Inventories and the Business Cycle: An Equilibrium Analysis of (S,S) Policies

37 Pages Posted: 13 Nov 2003 Last revised: 17 Jul 2010

See all articles by Aubhik Khan

Aubhik Khan

Ohio State University (OSU)

Julia K. Thomas

University of Minnesota - Twin Cities - Department of Economics; National Bureau of Economic Research (NBER)

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Date Written: November 2003

Abstract

We develop an equilibrium business cycle model where nonconvex delivery costs lead producers of final goods to follow generalized (S,s) inventory policies with respect to intermediate goods. When calibrated to match the average inventory-to-sales ratio in postwar U.S. data, our model reproduces two-thirds of the cyclical variability of inventory investment. Moreover, inventory accumulation is strongly procyclical, and production is more volatile than sales, as in the data. The comovement between inventory investment and final sales is often interpreted as evidence that inventories amplify aggregate fluctuations. Our model contradicts this view. Despite the positive correlation between sales and inventory investment, we find that inventory accumulation has minimal consequence for the cyclical variability of GDP. In equilibrium, procyclical inventory investment diverts resources from the production of final goods; thus, it dampens cyclical changes in final sales, leaving GDP volatility essentially unaltered. Moreover, although business cycles arise solely from shocks to productivity and markets are perfectly competitive in our model, it nonetheless yields a countercyclical inventory-to-sales ratio.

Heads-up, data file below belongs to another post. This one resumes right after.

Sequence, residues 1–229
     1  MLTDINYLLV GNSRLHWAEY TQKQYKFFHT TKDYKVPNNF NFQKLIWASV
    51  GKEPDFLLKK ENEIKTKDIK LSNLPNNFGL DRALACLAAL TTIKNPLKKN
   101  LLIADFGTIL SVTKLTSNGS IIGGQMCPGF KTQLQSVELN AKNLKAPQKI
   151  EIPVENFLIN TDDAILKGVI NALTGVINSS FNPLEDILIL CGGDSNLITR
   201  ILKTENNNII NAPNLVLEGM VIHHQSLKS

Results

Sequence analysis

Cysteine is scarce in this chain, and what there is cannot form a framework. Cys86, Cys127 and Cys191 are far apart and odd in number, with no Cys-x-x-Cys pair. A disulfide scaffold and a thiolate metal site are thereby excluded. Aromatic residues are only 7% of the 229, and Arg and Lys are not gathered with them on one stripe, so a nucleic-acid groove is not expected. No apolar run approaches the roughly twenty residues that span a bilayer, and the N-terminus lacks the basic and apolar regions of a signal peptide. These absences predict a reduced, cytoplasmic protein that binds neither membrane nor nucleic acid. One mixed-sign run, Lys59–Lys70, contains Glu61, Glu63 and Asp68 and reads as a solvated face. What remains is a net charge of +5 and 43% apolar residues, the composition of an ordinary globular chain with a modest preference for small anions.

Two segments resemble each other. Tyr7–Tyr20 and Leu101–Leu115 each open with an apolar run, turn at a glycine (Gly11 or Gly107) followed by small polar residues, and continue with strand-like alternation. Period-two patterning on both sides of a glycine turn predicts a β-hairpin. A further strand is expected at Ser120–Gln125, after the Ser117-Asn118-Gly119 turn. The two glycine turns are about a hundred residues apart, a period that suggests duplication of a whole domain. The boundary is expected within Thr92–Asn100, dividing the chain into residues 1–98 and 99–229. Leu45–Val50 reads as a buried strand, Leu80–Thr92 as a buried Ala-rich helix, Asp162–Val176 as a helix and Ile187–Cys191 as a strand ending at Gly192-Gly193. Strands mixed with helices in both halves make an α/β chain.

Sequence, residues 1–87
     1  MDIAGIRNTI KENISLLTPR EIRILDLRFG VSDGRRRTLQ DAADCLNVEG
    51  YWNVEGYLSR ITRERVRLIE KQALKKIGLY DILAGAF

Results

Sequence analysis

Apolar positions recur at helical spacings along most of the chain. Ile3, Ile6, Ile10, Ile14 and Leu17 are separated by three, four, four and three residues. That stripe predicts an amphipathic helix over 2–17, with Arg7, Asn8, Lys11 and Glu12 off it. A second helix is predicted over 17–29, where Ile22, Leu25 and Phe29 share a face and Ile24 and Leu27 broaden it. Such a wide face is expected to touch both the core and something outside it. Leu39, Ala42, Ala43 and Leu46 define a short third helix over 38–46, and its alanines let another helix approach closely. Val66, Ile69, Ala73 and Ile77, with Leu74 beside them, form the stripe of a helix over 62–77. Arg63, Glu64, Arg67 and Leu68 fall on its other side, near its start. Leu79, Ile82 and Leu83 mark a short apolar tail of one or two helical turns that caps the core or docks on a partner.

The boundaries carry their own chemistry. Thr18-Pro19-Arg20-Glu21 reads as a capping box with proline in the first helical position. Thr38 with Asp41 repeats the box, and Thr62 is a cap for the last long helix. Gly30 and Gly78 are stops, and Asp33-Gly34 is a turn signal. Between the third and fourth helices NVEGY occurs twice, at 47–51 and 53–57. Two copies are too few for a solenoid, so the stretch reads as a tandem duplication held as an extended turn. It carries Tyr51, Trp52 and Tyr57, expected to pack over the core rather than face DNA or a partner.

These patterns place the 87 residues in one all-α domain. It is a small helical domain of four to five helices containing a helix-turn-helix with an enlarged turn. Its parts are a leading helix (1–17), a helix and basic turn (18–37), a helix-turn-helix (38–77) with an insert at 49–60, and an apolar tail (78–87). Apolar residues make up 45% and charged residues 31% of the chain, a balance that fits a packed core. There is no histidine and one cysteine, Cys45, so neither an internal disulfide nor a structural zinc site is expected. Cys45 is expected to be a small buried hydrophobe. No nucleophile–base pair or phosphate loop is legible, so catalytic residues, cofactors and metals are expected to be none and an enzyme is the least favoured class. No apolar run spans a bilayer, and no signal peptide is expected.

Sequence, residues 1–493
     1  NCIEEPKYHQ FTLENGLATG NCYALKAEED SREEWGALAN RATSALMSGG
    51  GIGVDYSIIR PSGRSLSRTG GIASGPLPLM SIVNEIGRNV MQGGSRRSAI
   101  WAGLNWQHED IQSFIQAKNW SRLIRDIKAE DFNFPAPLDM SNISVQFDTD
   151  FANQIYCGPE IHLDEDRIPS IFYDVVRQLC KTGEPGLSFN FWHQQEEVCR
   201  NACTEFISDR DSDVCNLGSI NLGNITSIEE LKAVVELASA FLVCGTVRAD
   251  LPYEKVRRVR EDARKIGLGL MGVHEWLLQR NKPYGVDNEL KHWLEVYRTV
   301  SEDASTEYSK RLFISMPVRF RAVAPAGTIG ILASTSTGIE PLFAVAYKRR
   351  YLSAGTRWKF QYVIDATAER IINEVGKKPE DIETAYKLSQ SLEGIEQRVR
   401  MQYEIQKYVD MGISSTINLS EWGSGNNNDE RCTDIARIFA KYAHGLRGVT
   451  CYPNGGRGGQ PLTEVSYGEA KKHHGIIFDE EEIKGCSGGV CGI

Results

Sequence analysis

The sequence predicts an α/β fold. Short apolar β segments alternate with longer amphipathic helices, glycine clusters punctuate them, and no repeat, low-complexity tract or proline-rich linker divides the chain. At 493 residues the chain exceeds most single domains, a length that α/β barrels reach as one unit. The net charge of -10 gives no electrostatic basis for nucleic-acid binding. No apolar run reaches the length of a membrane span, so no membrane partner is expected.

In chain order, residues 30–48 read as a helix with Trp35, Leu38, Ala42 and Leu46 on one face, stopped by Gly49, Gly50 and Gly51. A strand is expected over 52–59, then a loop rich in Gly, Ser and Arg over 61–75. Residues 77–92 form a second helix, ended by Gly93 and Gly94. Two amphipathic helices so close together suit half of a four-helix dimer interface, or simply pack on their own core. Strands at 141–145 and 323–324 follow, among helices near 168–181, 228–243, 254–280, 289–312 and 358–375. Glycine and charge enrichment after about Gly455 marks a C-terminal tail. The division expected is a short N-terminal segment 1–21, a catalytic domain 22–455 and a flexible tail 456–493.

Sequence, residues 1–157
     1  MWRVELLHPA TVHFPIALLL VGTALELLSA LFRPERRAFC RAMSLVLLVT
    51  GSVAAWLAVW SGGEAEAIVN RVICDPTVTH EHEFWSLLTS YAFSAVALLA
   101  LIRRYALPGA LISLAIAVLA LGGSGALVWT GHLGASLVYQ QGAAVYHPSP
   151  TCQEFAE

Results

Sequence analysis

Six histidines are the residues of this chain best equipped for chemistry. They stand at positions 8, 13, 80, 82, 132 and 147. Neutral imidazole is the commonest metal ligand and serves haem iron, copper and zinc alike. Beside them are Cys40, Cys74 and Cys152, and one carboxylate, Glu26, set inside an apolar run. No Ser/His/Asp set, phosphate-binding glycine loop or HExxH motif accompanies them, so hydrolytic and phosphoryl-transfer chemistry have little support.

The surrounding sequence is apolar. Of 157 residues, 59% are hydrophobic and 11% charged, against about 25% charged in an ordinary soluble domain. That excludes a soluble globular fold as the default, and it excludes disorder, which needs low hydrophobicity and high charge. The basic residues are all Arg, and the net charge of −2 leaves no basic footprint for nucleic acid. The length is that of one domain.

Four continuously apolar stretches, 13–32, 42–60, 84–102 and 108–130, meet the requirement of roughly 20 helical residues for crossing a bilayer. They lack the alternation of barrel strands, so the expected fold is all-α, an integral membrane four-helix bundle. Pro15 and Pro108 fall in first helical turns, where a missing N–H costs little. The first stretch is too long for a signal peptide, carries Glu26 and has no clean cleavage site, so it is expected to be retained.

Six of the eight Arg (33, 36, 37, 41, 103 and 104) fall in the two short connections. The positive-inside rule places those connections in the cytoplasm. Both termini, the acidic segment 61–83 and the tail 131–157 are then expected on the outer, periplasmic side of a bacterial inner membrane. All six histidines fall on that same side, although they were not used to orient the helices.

Suggested Citation

Khan, Aubhik and Thomas, Julia K., Inventories and the Business Cycle: An Equilibrium Analysis of (S,S) Policies (November 2003). NBER Working Paper No. w10078, Available at SSRN: https://ssrn.com/abstract=467546

Aubhik Khan

Ohio State University (OSU) ( email )

2120 Fyffe Road
Columbus, OH OH 43210
United States

Julia K. Thomas (Contact Author)

University of Minnesota - Twin Cities - Department of Economics ( email )

271 19th Avenue South
Minneapolis, MN 55455
United States
612-626-9675 (Phone)
612-624-0209 (Fax)

National Bureau of Economic Research (NBER)

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Cambridge, MA 02138
United States

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